Uganda, at high risk for Ebola, starts vaccinating medics
Uganda has started vaccinating health workers against Ebola in a border district near the outbreak in Congo, where the highly infectious viral disease has killed 189 people.
The inoculations, using an experimental vaccine, began on Wednesday and are part of a wider Ebola prevention plan in a country that has faced multiple Ebola outbreaks since 2000.
In recent months Ebola cases have been confirmed near the heavily traveled border between Uganda and Congo, where 270 cases have been reported in the country's northeast since August.
The vaccinations are crucial to stemming transmission "in a highly endemic belt for hemorrhagic fevers," said Anthony Mbonye, a professor of health sciences at Uganda's Makerere University.
Twice-weekly market days - during which some 10,000 Congolese cross into Uganda - have put Uganda at high risk, according to local health officials. They say unofficial border crossings also are a cause for concern.
Health workers are usually among the first to be infected in an Ebola outbreak.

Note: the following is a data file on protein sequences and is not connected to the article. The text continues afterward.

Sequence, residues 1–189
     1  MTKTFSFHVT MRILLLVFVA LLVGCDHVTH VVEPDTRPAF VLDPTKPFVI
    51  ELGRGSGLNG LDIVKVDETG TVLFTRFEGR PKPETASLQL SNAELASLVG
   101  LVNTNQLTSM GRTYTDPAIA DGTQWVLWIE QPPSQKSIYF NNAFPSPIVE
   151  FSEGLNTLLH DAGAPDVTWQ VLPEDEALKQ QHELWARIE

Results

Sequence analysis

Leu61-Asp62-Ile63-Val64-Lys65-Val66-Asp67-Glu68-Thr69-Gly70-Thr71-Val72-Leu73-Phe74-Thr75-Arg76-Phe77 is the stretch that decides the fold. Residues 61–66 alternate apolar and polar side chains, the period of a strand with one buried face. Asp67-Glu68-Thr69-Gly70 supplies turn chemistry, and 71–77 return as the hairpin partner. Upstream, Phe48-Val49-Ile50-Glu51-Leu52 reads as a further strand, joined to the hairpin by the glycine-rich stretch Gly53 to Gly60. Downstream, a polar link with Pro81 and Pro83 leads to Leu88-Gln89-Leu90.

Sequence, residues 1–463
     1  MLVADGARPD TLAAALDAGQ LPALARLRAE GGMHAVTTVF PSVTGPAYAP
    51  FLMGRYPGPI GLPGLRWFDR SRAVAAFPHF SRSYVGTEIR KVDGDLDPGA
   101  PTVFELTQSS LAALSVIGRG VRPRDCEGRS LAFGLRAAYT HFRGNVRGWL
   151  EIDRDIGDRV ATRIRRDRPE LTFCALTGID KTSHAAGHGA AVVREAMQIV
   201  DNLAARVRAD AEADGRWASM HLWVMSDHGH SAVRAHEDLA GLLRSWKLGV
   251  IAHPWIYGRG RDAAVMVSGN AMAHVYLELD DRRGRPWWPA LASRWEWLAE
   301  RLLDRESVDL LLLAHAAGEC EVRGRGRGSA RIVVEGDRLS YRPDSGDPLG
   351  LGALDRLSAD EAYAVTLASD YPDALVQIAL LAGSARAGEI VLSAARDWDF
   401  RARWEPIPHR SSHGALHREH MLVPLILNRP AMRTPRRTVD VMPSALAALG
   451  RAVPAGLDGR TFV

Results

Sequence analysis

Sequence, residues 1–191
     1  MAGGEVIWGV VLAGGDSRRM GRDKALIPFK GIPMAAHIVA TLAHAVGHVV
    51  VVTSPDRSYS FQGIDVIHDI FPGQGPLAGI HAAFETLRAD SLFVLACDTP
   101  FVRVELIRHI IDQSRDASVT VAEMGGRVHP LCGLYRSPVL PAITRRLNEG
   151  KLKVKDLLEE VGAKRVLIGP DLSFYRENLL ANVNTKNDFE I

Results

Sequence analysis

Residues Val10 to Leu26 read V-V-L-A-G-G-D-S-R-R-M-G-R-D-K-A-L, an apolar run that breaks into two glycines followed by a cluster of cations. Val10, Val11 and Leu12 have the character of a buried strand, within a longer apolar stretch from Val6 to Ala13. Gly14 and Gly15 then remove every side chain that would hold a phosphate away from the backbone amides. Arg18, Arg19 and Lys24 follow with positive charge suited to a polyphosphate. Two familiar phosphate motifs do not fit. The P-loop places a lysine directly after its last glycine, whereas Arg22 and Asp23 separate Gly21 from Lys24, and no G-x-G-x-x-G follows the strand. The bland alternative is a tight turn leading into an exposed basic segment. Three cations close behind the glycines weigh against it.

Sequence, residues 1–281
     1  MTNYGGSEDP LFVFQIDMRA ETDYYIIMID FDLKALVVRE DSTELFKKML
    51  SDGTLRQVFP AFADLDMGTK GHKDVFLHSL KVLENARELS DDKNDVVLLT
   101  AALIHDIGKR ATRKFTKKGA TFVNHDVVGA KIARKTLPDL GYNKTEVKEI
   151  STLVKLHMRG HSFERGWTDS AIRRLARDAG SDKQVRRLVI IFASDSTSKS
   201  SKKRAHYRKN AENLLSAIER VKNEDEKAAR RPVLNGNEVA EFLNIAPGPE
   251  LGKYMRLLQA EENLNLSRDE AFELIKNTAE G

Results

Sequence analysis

The death from Ebola of a young Ugandan physician in 2000, one of more than 200 people killed in that outbreak, sparked a national outpouring of grief and helped spread awareness of how Ebola is transmitted.
The ongoing Uganda vaccinations targeting frontline health workers will be carried out in five districts along the border with Congo. Several studies have shown that the vaccine is safe and protects against the Ebola virus, the World Health Organization said in a statement.
The vaccine, although subject to more scientific research and is still not yet licensed, is "being used on a compassionate basis, to protect persons at highest risk of the Ebola outbreak," the statement said.
In Congo, where thousands of people have been given the experimental Ebola vaccine, a worrying number of vaccinated health workers have been infected.
The WHO said last month that Congo's outbreak does not yet warrant being declared a global emergency but called for an "intensified" response. Dozens more have died since then, according to a tally reported by Congo's health ministry.
For Congolese health workers, combating the virus has proved a challenge in a densely populated region that is roamed by armed groups.
Investigators believe that the first victim of Ebola in any outbreak acquires the virus after coming into contact with a "reservoir" animal, say an infected bat or monkey.
Ebola was first reported in Congo in 1976 and is named for the river where it was recognized.
The Ebola virus is spread through direct contact with the fluids of an infected person, or objects that have been contaminated with infected secretions.
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